It leads people to be thankful for their blessings and invokes a desire in them to help those less privileged. The immutable message reinforced by the Eid celebrations is that all of humanity is one family; helping one member helps build a stronger and more resilient society; and, causing harm to one individual leads to hurting everyone in the long-term.

As Muslims around the world bid farewell to the holy month of Ramadan and participate with joy in the Eid Al-Fitr festivities and family gatherings, let us also take a moment to think and relate ourselves with all those who do not have the means to celebrate; to identify ourselves with those who are far from their homes and family; with the millions of people who are without a home and living in refugee camps around the world. Let us take a moment this Eid to think about ‘the others’.

For those not in the know, here is a refresher on Eid al-Fitr, a festival that is traditionally celebrated over a period of three days in most Muslim-majority countries. Muslims worldwide celebrate Eid al-Fitr on the first day of the month of Shawwal in the Islamic calendar, which marks the end of month-long fasting from dawn to sunset during the month of Ramadan. Because the advent of Eid Al-Fitr is a lunar event, the date changes annually on the Gregorian calendar and varies from country to country depending on geographical location.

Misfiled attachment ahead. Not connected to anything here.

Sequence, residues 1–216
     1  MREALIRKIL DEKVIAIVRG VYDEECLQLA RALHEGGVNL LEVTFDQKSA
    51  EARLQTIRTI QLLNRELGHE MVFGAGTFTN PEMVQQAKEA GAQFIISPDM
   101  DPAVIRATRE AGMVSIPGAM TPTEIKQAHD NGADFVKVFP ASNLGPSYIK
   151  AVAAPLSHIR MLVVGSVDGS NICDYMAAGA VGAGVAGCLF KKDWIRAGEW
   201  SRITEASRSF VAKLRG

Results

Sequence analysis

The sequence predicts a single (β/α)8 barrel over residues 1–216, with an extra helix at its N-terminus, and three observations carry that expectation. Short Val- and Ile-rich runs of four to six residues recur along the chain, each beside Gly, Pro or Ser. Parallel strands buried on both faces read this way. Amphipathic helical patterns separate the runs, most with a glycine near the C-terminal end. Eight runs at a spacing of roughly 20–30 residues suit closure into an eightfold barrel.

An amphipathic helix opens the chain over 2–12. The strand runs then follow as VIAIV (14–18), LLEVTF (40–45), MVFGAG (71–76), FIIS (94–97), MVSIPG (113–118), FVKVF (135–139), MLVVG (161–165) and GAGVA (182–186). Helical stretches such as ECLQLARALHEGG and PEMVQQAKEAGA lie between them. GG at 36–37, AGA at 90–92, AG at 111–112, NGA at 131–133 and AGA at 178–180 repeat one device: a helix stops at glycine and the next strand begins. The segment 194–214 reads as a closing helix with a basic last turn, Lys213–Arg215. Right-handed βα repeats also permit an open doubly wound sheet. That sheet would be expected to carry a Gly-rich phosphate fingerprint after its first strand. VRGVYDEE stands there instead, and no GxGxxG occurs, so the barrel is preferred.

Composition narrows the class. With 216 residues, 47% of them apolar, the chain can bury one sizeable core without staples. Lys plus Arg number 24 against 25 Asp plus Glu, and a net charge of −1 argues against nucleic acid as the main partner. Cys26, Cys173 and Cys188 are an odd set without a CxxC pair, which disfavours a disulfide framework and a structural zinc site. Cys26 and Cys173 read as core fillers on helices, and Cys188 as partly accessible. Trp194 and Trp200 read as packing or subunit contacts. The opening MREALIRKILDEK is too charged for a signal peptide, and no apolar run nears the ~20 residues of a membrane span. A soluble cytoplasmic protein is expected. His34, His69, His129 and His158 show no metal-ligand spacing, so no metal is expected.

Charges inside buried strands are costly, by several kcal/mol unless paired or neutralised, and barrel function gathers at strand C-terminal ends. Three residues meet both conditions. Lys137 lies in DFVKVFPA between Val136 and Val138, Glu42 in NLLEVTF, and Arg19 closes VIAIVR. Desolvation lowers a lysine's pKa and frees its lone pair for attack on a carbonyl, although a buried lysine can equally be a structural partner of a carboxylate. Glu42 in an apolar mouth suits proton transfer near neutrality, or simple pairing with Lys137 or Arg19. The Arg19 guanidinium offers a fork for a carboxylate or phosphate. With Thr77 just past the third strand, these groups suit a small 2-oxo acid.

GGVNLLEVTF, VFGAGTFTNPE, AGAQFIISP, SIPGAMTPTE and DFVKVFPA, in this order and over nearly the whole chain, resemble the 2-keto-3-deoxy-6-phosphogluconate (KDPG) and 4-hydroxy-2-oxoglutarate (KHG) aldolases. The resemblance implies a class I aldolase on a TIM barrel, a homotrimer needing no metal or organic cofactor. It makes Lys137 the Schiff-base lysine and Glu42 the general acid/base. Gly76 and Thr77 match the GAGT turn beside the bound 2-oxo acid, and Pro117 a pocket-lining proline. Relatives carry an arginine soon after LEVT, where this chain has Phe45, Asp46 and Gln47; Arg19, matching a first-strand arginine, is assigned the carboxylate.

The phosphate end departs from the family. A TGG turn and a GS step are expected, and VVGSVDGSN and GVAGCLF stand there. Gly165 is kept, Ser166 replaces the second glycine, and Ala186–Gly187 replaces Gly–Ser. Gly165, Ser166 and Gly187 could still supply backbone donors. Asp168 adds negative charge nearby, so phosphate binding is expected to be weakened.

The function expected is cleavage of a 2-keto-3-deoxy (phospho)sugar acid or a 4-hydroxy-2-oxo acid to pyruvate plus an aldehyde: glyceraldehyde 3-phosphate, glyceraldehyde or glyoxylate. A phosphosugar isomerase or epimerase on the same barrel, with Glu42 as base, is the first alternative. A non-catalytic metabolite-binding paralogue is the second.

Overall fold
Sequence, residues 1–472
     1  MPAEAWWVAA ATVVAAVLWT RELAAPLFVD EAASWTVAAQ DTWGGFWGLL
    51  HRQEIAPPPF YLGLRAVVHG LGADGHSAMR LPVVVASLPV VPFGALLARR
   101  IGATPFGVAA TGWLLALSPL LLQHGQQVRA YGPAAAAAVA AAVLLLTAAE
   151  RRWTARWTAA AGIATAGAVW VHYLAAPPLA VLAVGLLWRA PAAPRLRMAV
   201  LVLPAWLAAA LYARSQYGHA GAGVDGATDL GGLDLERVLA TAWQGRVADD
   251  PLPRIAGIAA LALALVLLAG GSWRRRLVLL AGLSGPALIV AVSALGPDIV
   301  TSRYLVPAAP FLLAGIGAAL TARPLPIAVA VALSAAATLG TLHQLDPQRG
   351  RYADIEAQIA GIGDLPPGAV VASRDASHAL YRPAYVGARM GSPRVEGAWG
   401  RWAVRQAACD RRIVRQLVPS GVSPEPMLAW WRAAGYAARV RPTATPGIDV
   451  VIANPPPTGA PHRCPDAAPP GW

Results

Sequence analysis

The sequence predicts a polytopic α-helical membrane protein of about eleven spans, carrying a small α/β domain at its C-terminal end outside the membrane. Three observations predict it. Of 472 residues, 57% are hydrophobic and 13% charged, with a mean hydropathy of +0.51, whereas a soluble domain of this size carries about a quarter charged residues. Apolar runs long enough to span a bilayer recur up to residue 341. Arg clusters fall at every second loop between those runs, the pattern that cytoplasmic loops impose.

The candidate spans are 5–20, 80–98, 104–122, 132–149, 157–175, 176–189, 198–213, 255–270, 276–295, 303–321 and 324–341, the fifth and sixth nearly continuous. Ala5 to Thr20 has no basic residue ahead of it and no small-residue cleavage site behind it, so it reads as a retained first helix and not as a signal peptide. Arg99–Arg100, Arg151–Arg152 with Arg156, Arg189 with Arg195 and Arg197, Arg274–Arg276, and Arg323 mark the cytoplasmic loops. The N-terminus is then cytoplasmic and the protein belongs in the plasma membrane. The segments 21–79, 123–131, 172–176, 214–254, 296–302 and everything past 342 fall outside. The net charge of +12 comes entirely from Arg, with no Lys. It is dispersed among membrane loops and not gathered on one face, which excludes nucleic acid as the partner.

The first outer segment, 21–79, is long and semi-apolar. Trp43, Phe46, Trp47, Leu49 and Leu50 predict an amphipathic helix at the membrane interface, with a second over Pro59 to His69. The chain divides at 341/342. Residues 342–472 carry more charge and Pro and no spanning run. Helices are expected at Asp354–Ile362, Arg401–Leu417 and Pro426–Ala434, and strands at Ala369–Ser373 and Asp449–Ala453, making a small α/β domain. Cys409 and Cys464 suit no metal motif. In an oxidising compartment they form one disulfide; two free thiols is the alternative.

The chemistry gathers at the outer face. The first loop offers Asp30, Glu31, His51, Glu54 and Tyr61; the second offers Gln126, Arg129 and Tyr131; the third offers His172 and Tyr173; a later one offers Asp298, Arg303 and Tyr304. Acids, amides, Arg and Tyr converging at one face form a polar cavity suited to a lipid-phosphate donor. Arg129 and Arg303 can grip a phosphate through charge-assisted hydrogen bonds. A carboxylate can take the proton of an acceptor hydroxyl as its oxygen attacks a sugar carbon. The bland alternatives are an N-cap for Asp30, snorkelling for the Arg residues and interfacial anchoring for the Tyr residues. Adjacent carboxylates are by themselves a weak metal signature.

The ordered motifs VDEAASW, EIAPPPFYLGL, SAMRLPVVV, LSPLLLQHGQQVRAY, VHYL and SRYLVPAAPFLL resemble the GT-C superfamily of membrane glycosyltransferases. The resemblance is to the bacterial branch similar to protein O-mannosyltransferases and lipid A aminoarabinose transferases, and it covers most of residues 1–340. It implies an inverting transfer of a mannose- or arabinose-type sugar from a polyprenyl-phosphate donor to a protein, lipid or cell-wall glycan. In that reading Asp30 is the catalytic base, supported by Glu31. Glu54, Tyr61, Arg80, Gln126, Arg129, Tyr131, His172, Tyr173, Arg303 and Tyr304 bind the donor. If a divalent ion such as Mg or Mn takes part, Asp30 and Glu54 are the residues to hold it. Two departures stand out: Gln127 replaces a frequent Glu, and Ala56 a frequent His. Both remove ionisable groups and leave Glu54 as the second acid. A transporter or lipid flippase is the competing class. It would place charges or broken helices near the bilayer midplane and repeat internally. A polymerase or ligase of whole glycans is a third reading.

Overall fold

Just as the beginning of the holy month of Ramadan is identified with the sighting of the crescent moon — a day after the new moon — so too must Muslims wait until the evening before Eid to sight the crescent moon before announcing the start of Eid Al-Fitr. If the crescent moon is not visible, the month of Ramadan and the accompanying fasting from dawn to dusk continues for another day.

On the first day of Eid Al-Fitr, Muslims around the world partake in communal post-dawn prayers, followed by a short sermon. The prayers take place in mosques or large halls but in many countries, it is also held in the open to accommodate the large numbers. This is the first such congregation in two years in Kuwait, after the event was canceled by the authorities in previous years, as part of restrictions introduced to curb the spread of the global pandemic.

Following the congregational prayer, people congratulate one another with greetings of ‘Eid Mubarak’. They spend the day visiting relatives and neighbors exchanging greetings and gifts, and sharing in feasts. Children, dressed in new clothes, are offered sweets, gifts and money to celebrate the joyous occasion.

Each country has its own traditions when it comes to celebrating Eid Al-Fitr